Specialization and Qualifications
Thread poster: schold
Feb 19, 2010

I'm not in the translation business but have done 2 patent translations when I was in graduate school. I'm an R&D manager at a BioTech company and I was recently contacted by a colleague to help check a translation of a surgical procedure that an agency had done for us. The document was translated into German - no "mistakes", good style etc. However, I needed the English original in order to perform the procedure. The translator simply did not understand what he/she was writing about. I found out that we had paid the agency $0.35 per word including proof reading, and that they had claimed that they only use people with the appropriate technical background.

I've thought about doing translations on the side for some time (ever since I was paid $100/hr for it in school). I've been reading through some of the posts in this forum and would like to know if the rates that I got were "freak accidents"icon_smile.gif. Basically, I was approached by people who knew I was a bilingual engineer. I told them I wanted $100/hr. I did about 9,000 words in 25 hours. I was paid $2,500. The document was highly technical. They said that an agency would have charged them $3,000. The main reason though that they approached me was not the cost savings, but rather the lack of trust that they had in a translation agency. I can understand that now that I've had to deal with a few translated documents.

In my opinion, it seems like at least some agencies provide real garbage when it comes to highly specialized translations, while demanding fees on the order of $0.25-$0.40. Wouldn't a lot of the freelance translators here benefit by becoming highly specialized and approaching companies directly? How do people show or prove to a business that they will do better work than for example the reputable agency that I was talking about?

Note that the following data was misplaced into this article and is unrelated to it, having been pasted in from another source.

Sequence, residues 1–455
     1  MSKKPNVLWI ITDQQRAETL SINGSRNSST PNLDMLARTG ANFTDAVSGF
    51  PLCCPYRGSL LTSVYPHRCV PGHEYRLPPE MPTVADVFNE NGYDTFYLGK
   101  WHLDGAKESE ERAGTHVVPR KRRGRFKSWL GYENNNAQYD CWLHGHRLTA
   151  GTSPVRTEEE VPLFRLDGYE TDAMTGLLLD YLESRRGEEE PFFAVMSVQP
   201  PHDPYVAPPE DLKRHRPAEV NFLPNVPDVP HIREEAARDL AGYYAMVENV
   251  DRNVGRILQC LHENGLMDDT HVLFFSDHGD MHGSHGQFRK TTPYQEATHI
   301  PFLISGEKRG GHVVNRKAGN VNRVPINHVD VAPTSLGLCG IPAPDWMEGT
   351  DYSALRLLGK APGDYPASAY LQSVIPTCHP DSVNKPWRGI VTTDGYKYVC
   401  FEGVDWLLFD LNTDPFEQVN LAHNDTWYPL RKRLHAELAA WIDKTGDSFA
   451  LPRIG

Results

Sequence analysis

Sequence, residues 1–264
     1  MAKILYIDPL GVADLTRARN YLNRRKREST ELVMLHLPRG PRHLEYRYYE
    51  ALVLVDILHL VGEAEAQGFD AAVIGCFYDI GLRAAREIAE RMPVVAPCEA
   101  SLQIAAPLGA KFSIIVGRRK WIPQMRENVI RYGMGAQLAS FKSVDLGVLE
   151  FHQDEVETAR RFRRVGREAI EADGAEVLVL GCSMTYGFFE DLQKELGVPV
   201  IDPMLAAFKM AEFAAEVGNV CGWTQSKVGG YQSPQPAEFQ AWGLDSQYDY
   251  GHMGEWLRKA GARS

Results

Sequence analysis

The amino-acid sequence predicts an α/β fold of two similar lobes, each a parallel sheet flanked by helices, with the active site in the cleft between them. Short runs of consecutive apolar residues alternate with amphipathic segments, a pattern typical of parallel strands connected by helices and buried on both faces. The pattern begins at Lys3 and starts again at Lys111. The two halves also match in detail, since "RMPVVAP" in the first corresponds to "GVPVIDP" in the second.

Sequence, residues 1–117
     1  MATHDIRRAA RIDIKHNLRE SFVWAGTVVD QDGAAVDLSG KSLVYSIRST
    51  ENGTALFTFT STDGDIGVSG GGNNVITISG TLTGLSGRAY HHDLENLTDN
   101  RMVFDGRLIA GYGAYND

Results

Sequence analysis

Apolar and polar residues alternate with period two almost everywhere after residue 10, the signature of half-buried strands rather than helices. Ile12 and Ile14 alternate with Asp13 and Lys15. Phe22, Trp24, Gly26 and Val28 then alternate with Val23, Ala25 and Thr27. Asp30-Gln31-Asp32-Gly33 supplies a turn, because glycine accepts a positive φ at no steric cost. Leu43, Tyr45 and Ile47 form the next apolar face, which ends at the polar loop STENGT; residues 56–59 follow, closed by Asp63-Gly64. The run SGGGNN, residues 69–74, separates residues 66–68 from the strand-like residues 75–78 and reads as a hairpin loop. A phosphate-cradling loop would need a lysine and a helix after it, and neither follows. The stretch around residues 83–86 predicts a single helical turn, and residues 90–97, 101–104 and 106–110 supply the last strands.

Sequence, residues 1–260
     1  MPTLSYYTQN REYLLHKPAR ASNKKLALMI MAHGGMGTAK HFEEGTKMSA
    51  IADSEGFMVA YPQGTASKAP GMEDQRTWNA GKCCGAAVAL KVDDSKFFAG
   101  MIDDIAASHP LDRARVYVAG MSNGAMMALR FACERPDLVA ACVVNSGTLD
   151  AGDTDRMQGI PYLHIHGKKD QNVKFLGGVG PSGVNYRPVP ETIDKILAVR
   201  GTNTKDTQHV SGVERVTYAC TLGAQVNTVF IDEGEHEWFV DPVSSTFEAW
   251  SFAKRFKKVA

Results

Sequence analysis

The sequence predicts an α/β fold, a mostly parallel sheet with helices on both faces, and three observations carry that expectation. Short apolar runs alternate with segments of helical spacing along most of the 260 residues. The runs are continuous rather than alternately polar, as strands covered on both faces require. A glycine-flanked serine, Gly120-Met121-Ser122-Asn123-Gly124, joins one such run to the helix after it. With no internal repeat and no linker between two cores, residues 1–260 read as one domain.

Karen Tkaczyk  Identity Verified
United States
Local time: 23:21
Member (2005)
French to English
+ ...
A few different points Feb 20, 2010

'Doing translations on the side ' gets the gander up of professional translators. There are many bilingual people who do very bad translations on the side, just as there are many bad translations produced by agencies.
Yes, specialized translators tend to make more money than 'general' translators. Developing specializations is not always easy.
The rates you were paid are a lot higher than many specialized translators earn in European languages.
If you are considering doing this more often, how is your writing? Many scientists and engineers have the technical expertise without being good writers.
Many excellent translators are trying to increase their direct client base, but it is much easier to find work through agencies.


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